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Health Care Reform and the Contraceptive Requirement Ruling

Employee Benefits

Supreme Court Rules on Burwell v Hobby Lobby Case

On June 30, 2014, the United States Supreme Court ruled that the federal government could not require that the closely-held corporations involved in the case provide health insurance coverage for contraception in violation of the sincerely held religious beliefs of the companies’ owners. The court found that such a requirement was a violation of the Religious Freedom Restoration Act of 1993 (RFRA) which, according to the court, prohibits the federal government from taking “any action that substantially burdens the exercise of religion unless that action constitutes the least restrictive means of serving a compelling government interest.”

In analyzing the contraceptive requirement under the Affordable Care Act (ACA), the Supreme Court did find that the Health and Human Services (HHS) mandate to provide such contraceptive coverage furthers a compelling government interest; however, the mandate was not the least restrictive means of serving that interest. The court found there were other ways in which Congress or HHS could ensure that every woman has access to the free contraceptives at issue in the case. In fact, the court specifically referenced how employees of non-profit religious organizations were able to obtain no-cost contraceptives even though those non-profits are excluded from the mandate. The court relies on that situation as a model of a less restrictive means of providing contraceptives.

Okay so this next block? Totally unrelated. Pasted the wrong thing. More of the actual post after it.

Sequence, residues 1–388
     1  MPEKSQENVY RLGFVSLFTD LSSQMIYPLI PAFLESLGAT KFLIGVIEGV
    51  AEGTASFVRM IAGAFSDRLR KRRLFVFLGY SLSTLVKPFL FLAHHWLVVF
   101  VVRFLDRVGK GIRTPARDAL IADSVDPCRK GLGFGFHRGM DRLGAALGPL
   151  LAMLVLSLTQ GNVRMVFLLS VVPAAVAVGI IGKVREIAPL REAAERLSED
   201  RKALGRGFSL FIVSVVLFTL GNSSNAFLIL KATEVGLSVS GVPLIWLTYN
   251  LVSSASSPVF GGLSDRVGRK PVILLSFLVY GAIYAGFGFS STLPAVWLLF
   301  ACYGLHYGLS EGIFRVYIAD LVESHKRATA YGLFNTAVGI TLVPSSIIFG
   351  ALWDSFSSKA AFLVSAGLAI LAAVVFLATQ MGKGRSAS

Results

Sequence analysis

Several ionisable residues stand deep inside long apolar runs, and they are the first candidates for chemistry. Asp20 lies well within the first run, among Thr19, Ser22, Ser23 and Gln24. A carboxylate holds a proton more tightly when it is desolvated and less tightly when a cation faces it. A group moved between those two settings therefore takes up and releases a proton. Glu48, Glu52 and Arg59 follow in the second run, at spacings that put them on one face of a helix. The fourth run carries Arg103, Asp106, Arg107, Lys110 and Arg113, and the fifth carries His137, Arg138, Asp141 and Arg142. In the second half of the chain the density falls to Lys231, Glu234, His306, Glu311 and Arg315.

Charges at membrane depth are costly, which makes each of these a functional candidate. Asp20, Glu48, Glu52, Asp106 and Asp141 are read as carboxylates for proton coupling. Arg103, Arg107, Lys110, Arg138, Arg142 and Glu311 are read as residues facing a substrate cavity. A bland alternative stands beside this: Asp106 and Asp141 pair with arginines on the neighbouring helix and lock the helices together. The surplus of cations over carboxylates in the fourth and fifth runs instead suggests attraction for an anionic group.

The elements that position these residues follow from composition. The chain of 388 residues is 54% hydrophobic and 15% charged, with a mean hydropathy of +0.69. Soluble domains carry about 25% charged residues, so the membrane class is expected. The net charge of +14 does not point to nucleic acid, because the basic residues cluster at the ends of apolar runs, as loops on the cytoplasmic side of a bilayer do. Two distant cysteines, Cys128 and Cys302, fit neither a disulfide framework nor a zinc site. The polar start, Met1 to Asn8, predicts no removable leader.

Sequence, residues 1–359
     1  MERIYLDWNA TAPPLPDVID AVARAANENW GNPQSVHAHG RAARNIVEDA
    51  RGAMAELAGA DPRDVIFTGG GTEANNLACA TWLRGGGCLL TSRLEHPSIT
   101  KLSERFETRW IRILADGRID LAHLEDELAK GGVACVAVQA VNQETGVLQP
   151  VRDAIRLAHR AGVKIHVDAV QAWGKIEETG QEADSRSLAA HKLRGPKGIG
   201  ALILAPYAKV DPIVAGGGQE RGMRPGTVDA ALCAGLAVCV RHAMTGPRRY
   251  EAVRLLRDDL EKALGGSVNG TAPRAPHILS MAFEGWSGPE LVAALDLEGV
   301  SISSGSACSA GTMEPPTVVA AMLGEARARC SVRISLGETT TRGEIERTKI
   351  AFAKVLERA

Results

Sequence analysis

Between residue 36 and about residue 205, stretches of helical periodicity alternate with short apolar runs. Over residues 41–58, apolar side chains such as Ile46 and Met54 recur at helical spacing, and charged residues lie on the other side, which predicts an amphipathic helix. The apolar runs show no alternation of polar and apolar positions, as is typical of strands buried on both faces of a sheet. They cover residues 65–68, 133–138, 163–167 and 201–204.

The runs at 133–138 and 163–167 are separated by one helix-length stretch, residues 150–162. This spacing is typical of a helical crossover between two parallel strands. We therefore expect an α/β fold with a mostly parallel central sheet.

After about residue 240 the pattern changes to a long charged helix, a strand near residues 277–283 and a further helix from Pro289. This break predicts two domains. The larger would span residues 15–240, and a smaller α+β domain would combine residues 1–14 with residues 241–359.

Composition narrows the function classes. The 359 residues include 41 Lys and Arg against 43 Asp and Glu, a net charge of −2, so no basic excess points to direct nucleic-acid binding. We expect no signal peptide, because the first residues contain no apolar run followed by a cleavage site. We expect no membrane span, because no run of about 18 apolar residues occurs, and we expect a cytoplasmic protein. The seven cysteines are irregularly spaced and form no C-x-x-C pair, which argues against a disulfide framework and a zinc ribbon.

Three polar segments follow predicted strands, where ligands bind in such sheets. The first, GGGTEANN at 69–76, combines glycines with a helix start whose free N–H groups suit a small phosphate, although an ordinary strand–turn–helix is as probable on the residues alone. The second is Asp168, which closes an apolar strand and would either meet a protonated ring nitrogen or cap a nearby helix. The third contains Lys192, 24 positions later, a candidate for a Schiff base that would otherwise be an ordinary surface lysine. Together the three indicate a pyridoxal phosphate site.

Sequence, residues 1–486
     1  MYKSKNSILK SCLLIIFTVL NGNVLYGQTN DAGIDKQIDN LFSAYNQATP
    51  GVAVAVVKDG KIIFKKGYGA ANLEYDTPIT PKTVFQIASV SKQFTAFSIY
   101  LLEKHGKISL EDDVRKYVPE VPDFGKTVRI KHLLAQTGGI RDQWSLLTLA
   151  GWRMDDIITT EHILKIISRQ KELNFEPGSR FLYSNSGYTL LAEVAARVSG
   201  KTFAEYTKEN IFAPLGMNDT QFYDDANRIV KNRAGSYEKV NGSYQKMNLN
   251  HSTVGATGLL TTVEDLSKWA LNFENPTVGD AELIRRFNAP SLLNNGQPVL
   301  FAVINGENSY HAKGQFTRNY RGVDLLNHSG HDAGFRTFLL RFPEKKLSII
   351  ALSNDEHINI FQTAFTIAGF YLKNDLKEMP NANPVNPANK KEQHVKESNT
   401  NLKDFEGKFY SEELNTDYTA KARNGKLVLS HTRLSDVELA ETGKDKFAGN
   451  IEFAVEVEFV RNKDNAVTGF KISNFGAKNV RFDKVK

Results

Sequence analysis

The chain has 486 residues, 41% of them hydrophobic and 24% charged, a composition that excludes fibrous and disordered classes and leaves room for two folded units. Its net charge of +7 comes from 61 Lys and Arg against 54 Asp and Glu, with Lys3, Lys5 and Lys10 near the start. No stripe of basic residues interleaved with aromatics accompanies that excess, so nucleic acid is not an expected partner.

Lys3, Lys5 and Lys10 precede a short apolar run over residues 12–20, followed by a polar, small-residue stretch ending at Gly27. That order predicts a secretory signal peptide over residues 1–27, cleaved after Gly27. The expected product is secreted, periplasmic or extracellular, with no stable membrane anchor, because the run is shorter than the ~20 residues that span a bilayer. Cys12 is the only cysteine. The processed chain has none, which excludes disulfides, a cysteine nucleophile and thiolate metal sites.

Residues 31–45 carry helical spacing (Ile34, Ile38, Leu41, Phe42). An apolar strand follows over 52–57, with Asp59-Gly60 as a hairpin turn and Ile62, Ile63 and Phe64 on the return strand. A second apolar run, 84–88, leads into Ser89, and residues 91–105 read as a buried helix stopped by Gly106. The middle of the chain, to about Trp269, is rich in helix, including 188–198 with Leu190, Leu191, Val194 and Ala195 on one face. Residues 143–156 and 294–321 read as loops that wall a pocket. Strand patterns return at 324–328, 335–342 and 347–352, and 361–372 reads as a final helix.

It should be noted that the Court goes to great lengths to state that the ruling in this case is narrow and that this does not give companies free reign to opt out of laws they disagree with because of sincerely held religious beliefs. So for now, the ruling applies to the companies who brought this suit (which includes Hobby Lobby).

As a reference, the Internal Revenue Service (IRS) generally defines a “closely-held” corporation” to mean a corporation that: (1) Has more than 50% of the value of its outstanding stock owned (directly or indirectly) by five or fewer individuals at any time during the last half of the tax year, and (2) Is not a personal service corporation.

Key Takeaway

Because the Supreme Court has defined this decision as narrow, we are unsure whether this would apply to other companies. Based on the reasoning in this opinion, a closely-held corporation may be exempt from providing certain no-cost contraceptives, if doing so would be in violation of the sincerely held religious beliefs of its owners. If you are interested in exploring your rights and obligations going forward as a business, we recommend you seek the advice of counsel.

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